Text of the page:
What are the first things that spring to mind when someone mentions the red-light district of Amsterdam? Whether you've been to Amsterdam or not, chances are high that cannabis cafés, window whores and dirty little men pop up first on your mental list. Lately, though, things are starting to become a bit less one-dimensional. For several years, the municipality has been trying to add designer studios and art galleries to the red-light blend, and various urban renewal projects are underway in the area, which also happens to be the oldest part of Amsterdam.
One of these renewal projects is Blaauwlakenblok, a cluster of houses dating back to the 13th century, which was squatted in 1980 and subsequently fell into decay. The housing corporation De Key spent the last twelve years renewing the crumbling old houses, partly replacing them with new buildings, but trying to save as many as possible. What most “stag nighters” and dope tourists don't notice when passing by is that the block, like many others in the area, contains a hidden interior world of narrow alleyways and tiny courtyards, which feels lightyears away from the surrounding seediness. At the end of one of the alleyways, right in the center of this secluded world, sits a newly built house with a perforated white metal façade. Shiny and design-y, the little cube looks like an intruder from a more stylish universe, but somehow also manages to snuggle comfortably into its medieval context.
The new building is inhabited by a cartoon artist, who formerly lived next door in an old house that was too ramshackle to be saved. Architect Angie Abbink was called in by the housing corporation to design a new house for him and his family – officially social housing in the form of a single-family social rental house, but in reality a custom-made private home, which fits the family like a glove. The house has three storeys: a studio space for the artist on the ground floor, two bedrooms and a bathroom on the first floor, and a large open kitchen and living room as well as another bedroom on the second floor. Although it offers an impressive 185 square meters of living space, the plastic window frames and low-budget materials used in the interior betray the fact that it had to be built rather cheaply.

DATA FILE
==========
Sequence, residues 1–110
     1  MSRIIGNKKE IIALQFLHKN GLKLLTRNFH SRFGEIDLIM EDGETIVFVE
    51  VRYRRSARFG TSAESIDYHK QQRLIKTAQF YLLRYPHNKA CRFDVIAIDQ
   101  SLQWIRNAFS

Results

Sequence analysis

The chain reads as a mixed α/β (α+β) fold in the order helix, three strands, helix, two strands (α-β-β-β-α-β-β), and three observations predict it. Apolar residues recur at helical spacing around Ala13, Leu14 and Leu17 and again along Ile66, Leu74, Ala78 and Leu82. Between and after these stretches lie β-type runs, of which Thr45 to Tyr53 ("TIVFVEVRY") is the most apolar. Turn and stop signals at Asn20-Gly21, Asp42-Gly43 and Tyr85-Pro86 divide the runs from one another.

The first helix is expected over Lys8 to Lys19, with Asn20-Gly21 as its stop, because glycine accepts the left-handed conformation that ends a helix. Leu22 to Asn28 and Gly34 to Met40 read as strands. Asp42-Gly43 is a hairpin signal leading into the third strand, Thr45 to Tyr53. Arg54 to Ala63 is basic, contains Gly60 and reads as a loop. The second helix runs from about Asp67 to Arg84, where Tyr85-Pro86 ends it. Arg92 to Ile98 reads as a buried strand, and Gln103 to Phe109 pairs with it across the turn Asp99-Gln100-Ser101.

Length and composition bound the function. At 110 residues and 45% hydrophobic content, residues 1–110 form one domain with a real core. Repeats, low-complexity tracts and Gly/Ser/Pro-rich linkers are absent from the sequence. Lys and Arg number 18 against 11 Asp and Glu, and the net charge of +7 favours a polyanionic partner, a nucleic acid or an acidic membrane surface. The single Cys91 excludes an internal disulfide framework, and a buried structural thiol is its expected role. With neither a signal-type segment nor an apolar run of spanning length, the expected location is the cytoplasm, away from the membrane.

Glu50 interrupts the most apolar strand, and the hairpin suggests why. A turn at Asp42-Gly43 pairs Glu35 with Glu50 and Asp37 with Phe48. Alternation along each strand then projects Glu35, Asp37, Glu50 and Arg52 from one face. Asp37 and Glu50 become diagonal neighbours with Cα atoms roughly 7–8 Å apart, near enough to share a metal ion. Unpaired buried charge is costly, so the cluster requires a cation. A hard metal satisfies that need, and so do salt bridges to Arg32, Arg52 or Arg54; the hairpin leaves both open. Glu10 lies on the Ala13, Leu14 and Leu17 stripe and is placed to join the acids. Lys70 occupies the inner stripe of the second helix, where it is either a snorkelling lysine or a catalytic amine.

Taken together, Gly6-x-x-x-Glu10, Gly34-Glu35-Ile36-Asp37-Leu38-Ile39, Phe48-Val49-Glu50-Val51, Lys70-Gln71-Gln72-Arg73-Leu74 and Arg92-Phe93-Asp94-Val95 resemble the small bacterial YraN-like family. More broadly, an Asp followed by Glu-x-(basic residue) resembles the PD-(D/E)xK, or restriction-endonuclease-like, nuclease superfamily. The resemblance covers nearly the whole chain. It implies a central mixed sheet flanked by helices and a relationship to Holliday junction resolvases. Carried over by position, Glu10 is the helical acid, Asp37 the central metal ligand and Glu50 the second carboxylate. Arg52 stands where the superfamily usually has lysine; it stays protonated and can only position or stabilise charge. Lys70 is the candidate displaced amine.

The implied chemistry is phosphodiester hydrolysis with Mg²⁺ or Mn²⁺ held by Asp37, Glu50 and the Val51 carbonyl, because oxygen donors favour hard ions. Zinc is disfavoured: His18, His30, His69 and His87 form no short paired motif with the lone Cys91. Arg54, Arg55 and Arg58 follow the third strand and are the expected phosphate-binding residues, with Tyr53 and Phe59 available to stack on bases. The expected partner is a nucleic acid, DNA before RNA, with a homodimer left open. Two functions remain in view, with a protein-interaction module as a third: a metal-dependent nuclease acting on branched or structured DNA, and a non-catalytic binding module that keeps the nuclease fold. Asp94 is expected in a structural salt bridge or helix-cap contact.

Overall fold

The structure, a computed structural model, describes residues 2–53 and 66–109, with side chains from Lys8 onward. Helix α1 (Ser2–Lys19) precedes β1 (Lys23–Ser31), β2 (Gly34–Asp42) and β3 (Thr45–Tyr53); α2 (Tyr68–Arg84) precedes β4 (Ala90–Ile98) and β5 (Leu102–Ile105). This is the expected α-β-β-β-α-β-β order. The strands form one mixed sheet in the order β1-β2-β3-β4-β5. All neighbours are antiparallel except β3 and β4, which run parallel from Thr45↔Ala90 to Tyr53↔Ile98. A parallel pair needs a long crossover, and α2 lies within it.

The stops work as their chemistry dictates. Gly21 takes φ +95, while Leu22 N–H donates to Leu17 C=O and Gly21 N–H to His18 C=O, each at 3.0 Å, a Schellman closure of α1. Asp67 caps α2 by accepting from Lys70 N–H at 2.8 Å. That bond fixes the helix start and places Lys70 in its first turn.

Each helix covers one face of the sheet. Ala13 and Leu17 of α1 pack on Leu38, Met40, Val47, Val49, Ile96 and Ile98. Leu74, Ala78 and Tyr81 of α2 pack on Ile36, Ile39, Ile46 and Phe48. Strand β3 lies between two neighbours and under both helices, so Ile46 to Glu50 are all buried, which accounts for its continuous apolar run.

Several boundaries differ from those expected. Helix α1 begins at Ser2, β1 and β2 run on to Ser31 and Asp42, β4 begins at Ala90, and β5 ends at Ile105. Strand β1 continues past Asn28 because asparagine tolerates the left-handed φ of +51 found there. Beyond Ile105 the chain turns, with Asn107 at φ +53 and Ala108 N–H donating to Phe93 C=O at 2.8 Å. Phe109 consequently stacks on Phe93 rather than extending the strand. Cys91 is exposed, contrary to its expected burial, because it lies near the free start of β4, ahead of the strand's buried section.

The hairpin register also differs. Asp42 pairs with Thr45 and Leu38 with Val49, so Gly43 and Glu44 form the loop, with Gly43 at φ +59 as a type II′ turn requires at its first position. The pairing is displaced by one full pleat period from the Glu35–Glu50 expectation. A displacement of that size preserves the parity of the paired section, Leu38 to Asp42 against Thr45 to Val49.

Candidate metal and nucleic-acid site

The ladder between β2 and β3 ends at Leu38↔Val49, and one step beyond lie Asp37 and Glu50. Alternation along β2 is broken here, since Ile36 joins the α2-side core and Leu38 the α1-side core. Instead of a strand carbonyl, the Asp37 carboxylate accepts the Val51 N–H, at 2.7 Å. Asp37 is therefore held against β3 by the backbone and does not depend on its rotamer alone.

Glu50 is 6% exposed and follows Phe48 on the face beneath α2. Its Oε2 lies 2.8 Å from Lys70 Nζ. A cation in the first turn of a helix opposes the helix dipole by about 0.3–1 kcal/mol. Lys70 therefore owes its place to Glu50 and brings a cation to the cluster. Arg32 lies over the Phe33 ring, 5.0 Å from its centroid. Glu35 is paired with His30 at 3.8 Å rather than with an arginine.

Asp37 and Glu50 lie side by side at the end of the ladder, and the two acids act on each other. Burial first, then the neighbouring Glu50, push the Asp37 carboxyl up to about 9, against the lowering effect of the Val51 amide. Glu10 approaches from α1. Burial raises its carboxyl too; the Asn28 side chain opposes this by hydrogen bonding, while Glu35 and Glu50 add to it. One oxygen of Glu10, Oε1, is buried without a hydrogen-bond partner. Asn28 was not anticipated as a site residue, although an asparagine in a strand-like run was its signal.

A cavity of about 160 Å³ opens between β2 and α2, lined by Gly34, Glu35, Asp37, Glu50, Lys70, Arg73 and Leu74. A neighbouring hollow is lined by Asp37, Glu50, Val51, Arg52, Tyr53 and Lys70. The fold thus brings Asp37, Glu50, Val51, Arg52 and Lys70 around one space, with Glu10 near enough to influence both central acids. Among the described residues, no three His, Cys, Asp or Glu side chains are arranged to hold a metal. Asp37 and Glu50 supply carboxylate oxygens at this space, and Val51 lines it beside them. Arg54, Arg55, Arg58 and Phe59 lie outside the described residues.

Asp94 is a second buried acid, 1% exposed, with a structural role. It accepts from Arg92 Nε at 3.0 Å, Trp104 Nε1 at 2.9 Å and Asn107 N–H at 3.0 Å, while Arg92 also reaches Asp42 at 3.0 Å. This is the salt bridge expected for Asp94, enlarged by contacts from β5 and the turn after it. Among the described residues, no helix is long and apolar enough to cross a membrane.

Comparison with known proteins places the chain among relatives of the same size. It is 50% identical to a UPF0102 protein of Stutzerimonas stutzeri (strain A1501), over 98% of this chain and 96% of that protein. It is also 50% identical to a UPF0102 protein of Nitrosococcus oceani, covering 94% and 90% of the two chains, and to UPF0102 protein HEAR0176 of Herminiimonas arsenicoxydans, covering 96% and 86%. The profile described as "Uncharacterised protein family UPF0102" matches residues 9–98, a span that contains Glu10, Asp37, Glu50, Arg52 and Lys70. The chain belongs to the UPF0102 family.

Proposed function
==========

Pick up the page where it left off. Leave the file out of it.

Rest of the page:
The building's claim to architectural fame is its façade, created by Amsterdam-based designer Chris Kabel. As contemporary as it may look, it's also related to the history of the area, where the city's textile industry was located in medieval times. In fact, Abbink selected Chris Kabel for the design because he had worked with textiles and lace before. He created a white façade that wraps the house like a huge lace doily, even forming sliding shutters over the windows and serving as a balustrade for the roof terrace. It consists of powder-coated aluminium plates covered with small punched-out hexagons. By hand-bending the hexagons in one direction or the other, a graphic pattern is generated on the façade. Little marks on the backs of the hexagons told the workers which way to bend them. According to Kabel, the idea came from punching a sheet of paper with a needle from the back and the front, which resulted in a similar texture. It proved to be a simple trick with a huge effect, covering the building with a beautiful metal curtain that constantly changes its appearance, depending on the sunlight. Thanks to this façade, the building stands out, but also fits into its historical context. In fact, even its white colour relates to history: traditionally, all buildings in the alleyways and courtyards of Amsterdam were painted white in order to brighten up these often very narrow and dark spaces.
Officially, the façade is a work of art, which made it eligible for subsidies – and also allowed the architects and the designer to escape from the strict rules of the monument commission. Like the entire Blaauwlakenblok-project, it shows that urban renewal can be a rather non-commercial affair, generating conceptual architecture and not just profitable real estate. The only pity is that the house remains nearly invisible within the urban context. In order to keep out the red-light hustle and drunk tourists in need of a toilet, the formerly public alleyways have been turned into closed-off, semi-private spaces and aren't accessible to non-inhabitants. Only the few passers-by who lift their eyes from the sex shop windows in Warmoesstraat might notice an inconspicuous white sign with a punched-out arrow pointing into the entrance of a building. Behind the doorway, a glimpse of the little white house is just about visible.
– Anneke Bokern, Amsterdam